Prone Knee Bending Test | Reversed Lasègue Test | Femoral Nerve Test
The diagnosis of lumbar radicular syndrome is commonly made by patient-history alone and additional testing to confirm this hypothesis is often not necessary. 90% of cases involve nerve roots L4-L5 or L5-S1, as those segments are exposed to the highest static and kinetic forces.
To make a diagnosis of lumbar disc herniation with root compression at those levels more likely, the crossed straight leg raise can be used as it tensions the sciatic nerve. While uncommon at around 5% of cases, lumbar disc herniations with nerve root compression do occur at L3-L4 and to an even lesser degree at levels above.
Suri et al. (2011) investigated the diagnostic accuracy of the prone knee bend for lumbar disc herniation with nerve root compression at L2-L4 and found a sensitivity of 50% and specificity of 100%. For nerve root L3 only, the sensitivity was 70% and specificity 88% so it has a moderate clinical value to make the diagnosis more likely.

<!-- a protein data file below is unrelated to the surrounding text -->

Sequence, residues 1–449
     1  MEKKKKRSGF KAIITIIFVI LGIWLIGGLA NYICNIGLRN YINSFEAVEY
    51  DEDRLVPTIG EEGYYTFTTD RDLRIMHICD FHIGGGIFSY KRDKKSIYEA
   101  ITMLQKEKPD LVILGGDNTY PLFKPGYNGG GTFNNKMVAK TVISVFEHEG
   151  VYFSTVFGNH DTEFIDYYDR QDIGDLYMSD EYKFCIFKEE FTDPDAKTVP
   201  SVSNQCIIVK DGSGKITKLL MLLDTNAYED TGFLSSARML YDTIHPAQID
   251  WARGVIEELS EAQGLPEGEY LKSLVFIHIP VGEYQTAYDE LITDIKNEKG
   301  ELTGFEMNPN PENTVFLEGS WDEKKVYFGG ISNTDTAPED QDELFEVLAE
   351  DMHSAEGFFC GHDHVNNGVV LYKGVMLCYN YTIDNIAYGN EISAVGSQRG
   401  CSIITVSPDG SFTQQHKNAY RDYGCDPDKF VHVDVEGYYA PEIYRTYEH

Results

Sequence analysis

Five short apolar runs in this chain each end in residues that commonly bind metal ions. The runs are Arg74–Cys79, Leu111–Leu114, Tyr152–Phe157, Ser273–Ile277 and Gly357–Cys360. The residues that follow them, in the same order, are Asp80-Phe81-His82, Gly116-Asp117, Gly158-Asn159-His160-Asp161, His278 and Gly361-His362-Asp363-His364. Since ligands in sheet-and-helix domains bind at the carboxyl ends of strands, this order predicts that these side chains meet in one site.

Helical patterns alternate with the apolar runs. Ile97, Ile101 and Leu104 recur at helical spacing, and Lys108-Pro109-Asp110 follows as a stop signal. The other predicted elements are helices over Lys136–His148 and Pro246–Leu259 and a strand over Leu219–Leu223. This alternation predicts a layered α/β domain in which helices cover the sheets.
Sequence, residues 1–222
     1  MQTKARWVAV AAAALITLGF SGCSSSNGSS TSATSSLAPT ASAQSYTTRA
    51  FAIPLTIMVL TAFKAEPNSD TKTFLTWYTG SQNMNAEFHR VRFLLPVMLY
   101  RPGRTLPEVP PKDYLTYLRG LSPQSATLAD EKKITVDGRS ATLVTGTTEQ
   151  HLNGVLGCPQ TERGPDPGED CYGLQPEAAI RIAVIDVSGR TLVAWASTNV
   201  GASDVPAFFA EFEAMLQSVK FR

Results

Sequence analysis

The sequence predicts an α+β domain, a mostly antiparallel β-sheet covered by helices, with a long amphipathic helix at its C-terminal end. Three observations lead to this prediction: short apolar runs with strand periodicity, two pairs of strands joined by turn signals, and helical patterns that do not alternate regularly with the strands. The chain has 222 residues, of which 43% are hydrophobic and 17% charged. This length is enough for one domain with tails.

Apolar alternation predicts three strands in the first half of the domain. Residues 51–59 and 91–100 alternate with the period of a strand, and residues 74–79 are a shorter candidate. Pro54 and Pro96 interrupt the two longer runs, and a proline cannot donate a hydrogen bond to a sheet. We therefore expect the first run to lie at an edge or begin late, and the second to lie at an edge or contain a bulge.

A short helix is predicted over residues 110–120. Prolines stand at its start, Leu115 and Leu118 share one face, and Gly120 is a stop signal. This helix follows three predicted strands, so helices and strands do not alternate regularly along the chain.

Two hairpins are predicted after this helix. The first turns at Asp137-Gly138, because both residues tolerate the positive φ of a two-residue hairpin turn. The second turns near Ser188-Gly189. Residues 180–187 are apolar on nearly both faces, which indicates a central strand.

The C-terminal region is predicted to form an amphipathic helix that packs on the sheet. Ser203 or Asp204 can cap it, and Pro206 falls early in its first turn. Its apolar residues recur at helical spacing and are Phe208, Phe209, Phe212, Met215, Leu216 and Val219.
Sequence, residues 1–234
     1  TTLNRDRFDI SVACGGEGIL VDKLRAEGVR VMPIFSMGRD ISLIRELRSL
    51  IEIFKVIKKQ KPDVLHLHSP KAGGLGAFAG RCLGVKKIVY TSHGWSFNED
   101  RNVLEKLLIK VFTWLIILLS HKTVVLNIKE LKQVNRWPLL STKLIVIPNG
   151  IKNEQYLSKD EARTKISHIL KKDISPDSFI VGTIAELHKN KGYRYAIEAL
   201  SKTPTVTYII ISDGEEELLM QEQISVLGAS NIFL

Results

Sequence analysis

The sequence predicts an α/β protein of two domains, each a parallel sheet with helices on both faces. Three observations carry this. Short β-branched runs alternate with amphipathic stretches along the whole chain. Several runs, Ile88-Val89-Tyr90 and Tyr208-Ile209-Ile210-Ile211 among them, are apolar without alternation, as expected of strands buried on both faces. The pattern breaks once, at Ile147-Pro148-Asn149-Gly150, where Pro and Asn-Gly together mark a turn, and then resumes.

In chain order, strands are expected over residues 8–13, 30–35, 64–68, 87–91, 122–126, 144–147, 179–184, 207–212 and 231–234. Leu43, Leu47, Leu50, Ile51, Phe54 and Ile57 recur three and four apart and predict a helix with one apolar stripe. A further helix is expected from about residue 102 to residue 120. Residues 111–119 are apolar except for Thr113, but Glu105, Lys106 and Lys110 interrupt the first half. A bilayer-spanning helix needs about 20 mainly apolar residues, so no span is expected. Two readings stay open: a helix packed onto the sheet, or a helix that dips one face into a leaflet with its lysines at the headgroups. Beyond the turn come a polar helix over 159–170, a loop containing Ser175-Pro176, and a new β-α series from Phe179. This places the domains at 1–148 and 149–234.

To conduct the test the patient lies in prone position. Then proceed to carefully flex the knee on the affected side maximally.
If you’re unable to flex the knee further than 90° or if you want to emphasize stretch on the femoral nerve even further you may add passive hip extension.
The test is considered positive in case the patient reports shooting pain down the leg or anterior thigh upon maximal knee flexion with or without added hip flexion.
Some authors recommend holding the knee flexion for 45-60 seconds though that may be too provocative in an active nerve root compression.
21 OF THE MOST USEFUL ORTHOPAEDIC TESTS IN CLINICAL PRACTICE
Other common orthopedic tests to assess for lumbosacral radicular pain are:
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